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Capuchin Catacombs
Modern mummies of past Palermitans

A mummy.Are they really "catacombs" in the strictest sense? By definition a catacomb is an underground cemetery characterized by tunnels and chambers, having niches for graves, and the catacombs of early-Christian Rome come to mind. One thing is for certain. The corpses preserved here are mummies.

The Capuchin Monastery, with its unusual catacombs full of mummified cadavers, is a bit macabre, but worth a visit. Shortly after the construction of the present complex circa 1533 the Capuchin friars began the practice of embalming bodies --then an unusual idea. When the effects of the preservation were discovered some years later, they began embalming the corpses of Palermo's bourgeoisie and nobility. This tradition was followed into the early years of the twentieth century.

After being embalmed, the corpses were hung up along the walls of the Catacombs, dressed in their finest clothes, where they still rest in peace. Among some of the more outstanding ones are a military officer in an 18th century uniform complete with a tricorn and the extremely well-preserved body of a little girl named Rosalia of about seven years old who had the distinction of being the last person to be thus embalmed here in 1920. You are not very likely to see anything like this anywhere else but in Palermo. Indeed, scholars have come here from around the world to study this particular case of historical mummification.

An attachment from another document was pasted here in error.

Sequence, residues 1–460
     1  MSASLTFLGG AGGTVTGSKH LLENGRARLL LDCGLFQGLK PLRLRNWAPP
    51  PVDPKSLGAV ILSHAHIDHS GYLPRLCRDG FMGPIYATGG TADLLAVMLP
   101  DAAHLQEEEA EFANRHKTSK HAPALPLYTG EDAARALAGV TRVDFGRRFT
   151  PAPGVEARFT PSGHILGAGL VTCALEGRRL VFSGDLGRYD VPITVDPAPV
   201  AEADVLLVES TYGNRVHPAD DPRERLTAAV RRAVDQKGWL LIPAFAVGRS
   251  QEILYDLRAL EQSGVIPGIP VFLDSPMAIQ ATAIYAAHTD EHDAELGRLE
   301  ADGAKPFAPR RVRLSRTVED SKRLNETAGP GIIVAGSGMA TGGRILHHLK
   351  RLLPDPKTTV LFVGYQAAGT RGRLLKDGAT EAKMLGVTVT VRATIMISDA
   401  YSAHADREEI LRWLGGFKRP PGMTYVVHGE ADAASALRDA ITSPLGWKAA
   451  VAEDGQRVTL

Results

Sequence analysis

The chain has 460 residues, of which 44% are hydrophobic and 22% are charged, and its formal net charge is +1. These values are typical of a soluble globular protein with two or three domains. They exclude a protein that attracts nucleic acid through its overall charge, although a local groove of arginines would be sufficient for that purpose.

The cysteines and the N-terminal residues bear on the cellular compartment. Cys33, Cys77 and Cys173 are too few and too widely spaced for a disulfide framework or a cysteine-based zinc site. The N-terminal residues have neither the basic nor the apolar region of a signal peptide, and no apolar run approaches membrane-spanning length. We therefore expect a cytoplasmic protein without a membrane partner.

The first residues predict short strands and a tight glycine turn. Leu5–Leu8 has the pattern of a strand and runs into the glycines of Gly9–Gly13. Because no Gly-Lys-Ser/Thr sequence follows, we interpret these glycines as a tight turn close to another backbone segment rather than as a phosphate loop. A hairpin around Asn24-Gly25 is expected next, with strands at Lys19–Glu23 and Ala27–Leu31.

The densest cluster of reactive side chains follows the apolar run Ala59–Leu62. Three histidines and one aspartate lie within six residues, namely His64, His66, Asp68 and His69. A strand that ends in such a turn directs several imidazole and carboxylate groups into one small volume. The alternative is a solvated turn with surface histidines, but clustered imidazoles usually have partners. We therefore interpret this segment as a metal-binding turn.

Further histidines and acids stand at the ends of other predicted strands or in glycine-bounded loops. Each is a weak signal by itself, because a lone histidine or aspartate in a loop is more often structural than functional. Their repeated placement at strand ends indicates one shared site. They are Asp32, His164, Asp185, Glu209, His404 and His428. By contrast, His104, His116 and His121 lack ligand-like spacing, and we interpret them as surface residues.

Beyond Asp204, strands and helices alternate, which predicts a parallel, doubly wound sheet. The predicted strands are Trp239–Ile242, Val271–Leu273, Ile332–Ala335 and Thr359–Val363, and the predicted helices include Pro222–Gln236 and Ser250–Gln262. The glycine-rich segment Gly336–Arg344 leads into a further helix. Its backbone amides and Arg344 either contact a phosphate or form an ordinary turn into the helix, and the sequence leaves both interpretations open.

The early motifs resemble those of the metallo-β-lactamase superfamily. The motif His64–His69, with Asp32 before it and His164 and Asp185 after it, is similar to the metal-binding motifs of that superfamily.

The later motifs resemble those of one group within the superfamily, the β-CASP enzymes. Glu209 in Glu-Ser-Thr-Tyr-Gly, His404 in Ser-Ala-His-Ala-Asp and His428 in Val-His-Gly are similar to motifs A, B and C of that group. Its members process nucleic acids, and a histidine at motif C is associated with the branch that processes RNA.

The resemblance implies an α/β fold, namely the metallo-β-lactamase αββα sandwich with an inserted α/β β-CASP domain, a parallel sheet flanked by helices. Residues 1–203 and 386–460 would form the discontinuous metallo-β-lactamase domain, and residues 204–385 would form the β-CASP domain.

As for the church, it was remodeled over the remains of a medieval church in 1623, and was once again restored in the early part of this century. It contains some minor works by the noted sculptor, Ignazio Marabiti and is also known for its manuscript collection.

The grave of Giuseppe Tommasi, Prince of Lampedusa, author of one of the best-known works of Sicilian Literature, The Leopard, is here. Thankfully, the body of the good Prince is not embalmed but is buried in the cemetery next to the catacombs. Located in Piazza Cappuccini (off Via Camarda at Via Mosca), the Capuchin Monastery catacombs are open most weekdays from 9 to 12 and 3 to 5. (Number 11 on the Palermo map.)

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